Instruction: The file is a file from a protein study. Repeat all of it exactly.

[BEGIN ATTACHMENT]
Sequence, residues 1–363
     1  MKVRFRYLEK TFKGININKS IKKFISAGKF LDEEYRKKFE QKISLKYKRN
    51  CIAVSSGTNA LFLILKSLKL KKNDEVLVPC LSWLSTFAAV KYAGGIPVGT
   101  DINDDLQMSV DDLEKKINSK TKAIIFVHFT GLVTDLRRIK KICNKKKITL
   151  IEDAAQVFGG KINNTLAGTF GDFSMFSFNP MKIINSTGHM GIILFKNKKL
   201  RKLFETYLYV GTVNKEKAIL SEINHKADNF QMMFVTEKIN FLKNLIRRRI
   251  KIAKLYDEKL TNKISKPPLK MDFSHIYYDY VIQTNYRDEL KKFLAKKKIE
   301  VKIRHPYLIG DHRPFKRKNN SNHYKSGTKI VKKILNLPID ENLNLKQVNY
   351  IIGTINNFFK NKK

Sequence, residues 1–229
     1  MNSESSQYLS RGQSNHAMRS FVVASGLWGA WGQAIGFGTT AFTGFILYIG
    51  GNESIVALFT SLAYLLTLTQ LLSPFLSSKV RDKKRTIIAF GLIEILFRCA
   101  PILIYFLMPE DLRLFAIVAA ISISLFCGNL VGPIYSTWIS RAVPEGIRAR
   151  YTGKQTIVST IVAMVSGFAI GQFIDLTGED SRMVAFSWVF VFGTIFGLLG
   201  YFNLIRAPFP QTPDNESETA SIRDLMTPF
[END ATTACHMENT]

Sequence, residues 1–363
     1  MKVRFRYLEK TFKGININKS IKKFISAGKF LDEEYRKKFE QKISLKYKRN
    51  CIAVSSGTNA LFLILKSLKL KKNDEVLVPC LSWLSTFAAV KYAGGIPVGT
   101  DINDDLQMSV DDLEKKINSK TKAIIFVHFT GLVTDLRRIK KICNKKKITL
   151  IEDAAQVFGG KINNTLAGTF GDFSMFSFNP MKIINSTGHM GIILFKNKKL
   201  RKLFETYLYV GTVNKEKAIL SEINHKADNF QMMFVTEKIN FLKNLIRRRI
   251  KIAKLYDEKL TNKISKPPLK MDFSHIYYDY VIQTNYRDEL KKFLAKKKIE
   301  VKIRHPYLIG DHRPFKRKNN SNHYKSGTKI VKKILNLPID ENLNLKQVNY
   351  IIGTINNFFK NKK

Sequence, residues 1–229
     1  MNSESSQYLS RGQSNHAMRS FVVASGLWGA WGQAIGFGTT AFTGFILYIG
    51  GNESIVALFT SLAYLLTLTQ LLSPFLSSKV RDKKRTIIAF GLIEILFRCA
   101  PILIYFLMPE DLRLFAIVAA ISISLFCGNL VGPIYSTWIS RAVPEGIRAR
   151  YTGKQTIVST IVAMVSGFAI GQFIDLTGED SRMVAFSWVF VFGTIFGLLG
   201  YFNLIRAPFP QTPDNESETA SIRDLMTPF